Capacity loss

Capacity loss or capacity fading is a phenomenon observed in rechargeable battery usage where the amount of charge a battery can deliver at the rated voltage decreases with use.[1][2]

In 2003 it was reported the typical range of capacity loss in lithium-ion batteries after 500 charging and discharging cycles varied from 12.4% to 24.1%, giving an average capacity loss per cycle range of 0.025–0.048% per cycle.[3]

Stress factors[edit]

Capacity fading in Li-ion batteries occurs by a multitude of stress factors, including ambient temperature, discharge C-rate, and state of charge (SOC).

Capacity loss is strongly temperature-dependent, the aging rates increase with decreasing temperature below 25 °C, while above 25 °C aging is accelerated with increasing temperature.[4][5]

Capacity loss is C-rate sensitive and higher C-rates lead to a faster capacity loss on a per cycle. Chemical mechanisms of degradation in a Li-ion battery dominate capacity loss at low C-rates, whereas, mechanical degradation dominates at high C-rates.[6][7]

Graphite/LiCoO2 battery capacity degradation is reported to be affected by mean SOC as well as the change in SOC (ΔSOC) during the cycling operation. For the first 500 equivalent full cycles mean SOC is found to have a major effect on the capacity fade of cells as compared to ΔSOC. However, towards the end of the testing (600~800 equivalent cycles) ΔSOC becomes the major factor affecting the capacity loss rate of the cells.[8]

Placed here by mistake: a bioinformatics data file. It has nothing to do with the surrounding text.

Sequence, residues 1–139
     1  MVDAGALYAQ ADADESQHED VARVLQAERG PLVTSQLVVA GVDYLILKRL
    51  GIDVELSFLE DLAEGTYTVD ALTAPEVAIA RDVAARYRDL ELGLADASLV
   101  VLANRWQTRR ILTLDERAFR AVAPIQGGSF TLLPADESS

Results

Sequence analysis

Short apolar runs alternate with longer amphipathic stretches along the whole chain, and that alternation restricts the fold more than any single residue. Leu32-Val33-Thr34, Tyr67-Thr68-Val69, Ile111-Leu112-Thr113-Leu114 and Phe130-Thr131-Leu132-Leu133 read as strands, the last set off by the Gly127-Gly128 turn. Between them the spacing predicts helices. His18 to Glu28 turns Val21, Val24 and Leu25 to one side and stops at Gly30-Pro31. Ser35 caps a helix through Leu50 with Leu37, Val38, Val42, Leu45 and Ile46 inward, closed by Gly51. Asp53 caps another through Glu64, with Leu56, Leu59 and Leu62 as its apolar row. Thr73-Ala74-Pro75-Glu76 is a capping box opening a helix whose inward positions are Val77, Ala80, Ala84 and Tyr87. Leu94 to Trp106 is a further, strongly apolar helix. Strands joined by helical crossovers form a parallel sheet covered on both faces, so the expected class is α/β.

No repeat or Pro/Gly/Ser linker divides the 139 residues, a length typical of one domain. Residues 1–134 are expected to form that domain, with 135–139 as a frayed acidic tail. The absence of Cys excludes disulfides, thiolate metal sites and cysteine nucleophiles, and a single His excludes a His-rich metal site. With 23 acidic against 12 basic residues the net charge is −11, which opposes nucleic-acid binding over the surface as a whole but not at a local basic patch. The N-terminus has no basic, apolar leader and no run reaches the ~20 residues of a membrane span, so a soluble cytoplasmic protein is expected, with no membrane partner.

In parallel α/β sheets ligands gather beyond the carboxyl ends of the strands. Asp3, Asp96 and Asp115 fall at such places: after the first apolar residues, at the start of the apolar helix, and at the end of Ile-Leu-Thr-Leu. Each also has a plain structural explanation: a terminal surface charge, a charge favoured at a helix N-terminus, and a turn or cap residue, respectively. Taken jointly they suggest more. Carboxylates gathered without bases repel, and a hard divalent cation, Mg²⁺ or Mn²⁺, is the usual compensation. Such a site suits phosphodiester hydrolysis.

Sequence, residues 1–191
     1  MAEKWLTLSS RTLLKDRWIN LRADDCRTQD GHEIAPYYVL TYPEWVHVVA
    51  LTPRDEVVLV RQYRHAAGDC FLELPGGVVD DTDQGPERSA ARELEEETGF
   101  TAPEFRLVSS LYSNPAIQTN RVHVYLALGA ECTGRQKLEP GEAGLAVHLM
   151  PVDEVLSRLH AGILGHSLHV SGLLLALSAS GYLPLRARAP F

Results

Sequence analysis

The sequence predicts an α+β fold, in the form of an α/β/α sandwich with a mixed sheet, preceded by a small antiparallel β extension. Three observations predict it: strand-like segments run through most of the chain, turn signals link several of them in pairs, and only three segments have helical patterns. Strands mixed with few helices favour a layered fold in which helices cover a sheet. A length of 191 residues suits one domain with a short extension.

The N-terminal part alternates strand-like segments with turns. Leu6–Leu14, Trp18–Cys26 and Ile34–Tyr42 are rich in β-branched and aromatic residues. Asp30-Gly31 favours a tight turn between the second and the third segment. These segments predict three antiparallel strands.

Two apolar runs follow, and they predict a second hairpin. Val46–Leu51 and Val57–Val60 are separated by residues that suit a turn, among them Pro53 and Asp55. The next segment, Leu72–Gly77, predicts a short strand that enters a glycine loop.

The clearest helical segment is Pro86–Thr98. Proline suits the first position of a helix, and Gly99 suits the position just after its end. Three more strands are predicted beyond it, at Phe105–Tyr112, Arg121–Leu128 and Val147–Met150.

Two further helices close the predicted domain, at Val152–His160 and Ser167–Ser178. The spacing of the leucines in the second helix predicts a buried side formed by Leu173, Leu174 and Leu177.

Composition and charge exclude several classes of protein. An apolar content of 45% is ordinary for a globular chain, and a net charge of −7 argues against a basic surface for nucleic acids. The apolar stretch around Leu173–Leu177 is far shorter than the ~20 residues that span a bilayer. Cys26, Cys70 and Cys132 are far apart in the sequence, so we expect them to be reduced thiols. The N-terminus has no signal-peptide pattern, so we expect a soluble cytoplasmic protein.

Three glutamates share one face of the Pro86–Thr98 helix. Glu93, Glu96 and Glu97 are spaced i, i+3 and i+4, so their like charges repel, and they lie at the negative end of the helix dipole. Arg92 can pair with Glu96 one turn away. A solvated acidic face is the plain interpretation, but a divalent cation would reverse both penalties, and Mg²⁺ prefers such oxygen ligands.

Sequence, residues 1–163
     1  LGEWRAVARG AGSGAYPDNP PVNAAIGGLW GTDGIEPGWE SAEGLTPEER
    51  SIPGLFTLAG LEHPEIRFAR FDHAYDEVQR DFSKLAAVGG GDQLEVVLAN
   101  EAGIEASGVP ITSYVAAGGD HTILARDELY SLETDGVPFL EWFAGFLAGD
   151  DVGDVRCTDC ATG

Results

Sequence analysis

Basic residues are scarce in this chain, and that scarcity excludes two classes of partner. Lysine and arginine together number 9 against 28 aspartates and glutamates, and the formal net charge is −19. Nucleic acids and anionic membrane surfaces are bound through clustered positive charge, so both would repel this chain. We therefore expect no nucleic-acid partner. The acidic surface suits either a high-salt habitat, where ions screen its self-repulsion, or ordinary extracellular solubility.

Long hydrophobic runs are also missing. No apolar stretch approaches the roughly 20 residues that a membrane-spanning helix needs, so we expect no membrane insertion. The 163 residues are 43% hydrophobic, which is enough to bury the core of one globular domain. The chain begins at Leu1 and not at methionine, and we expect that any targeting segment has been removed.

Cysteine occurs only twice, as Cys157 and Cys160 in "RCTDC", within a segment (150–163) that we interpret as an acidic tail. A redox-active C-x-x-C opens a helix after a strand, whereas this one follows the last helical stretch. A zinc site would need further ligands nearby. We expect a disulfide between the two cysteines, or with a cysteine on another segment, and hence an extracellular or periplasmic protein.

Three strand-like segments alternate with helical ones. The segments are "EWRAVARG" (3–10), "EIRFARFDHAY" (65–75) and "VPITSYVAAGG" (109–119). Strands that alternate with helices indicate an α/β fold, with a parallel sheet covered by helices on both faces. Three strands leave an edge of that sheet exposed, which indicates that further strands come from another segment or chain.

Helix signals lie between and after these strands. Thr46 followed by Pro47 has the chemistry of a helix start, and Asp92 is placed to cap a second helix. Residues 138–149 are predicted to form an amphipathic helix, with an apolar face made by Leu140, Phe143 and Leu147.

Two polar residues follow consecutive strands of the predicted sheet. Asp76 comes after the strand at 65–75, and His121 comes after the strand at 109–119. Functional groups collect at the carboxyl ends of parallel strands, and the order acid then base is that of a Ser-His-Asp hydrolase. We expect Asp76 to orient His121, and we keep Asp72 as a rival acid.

See also[edit]


  1. ^ Xia, Y. (1997). "Capacity Fading on Cycling of 4 V Li/LiMn2O4 Cells". Journal of the Electrochemical Society. 144 (8): 2593–2600. Bibcode:1997JElS..144.2593X. doi:10.1149/1.1837870.
  2. ^ Amatucci, G. (1996). "Cobalt dissolution in LiCoO2-based non-aqueous rechargeable batteries". Solid State Ionics. 83 (1–2): 167–173. doi:10.1016/0167-2738(95)00231-6.
  3. ^ Spotnitz, R. (2003). "Simulation of capacity fade in lithium-ion batteries". Journal of Power Sources. 113 (1): 72–80. Bibcode:2003JPS...113...72S. doi:10.1016/S0378-7753(02)00490-1.
  4. ^ Waldmann, Thomas (September 2014). "Temperature dependent ageing mechanisms in Lithium-ion batteries – A Post-Mortem study". Journal of Power Sources. 262: 129–135. Bibcode:2014JPS...262..129W. doi:10.1016/j.jpowsour.2014.03.112.
  5. ^ W. Diao, Y. Xing, S. Saxena, and M. Pecht (2018). "Evaluation of Present Accelerated Temperature Testing and Modeling of Batteries". Applied Sciences. 8 (10): 1786. doi:10.3390/app8101786.{{cite journal}}: CS1 maint: multiple names: authors list (link)
  6. ^ C. Snyder (2016). "The Effects of charge/discharge Rate on Capacity Fade of Lithium Ion Batteries". Bibcode:2016PhDT.......260S. {{cite journal}}: Cite journal requires |journal= (help)
  7. ^ S. Saxena, Y. Xing, D. Kwon, and M. Pecht (2019). "Accelerated degradation model for C-rate loading of lithium-ion batteries". International Journal of Electrical Power & Energy Systems. 107: 438–445. doi:10.1016/j.ijepes.2018.12.016. S2CID 115690338.{{cite journal}}: CS1 maint: multiple names: authors list (link)
  8. ^ S. Saxena, C. Hendricks, and M. Pecht (September 2016). "Cycle life testing and modeling of graphite/LiCoO2 cells under different state of charge ranges". Journal of Power Sources. 327: 394–400. Bibcode:2016JPS...327..394S. doi:10.1016/j.jpowsour.2016.07.057.{{cite journal}}: CS1 maint: multiple names: authors list (link)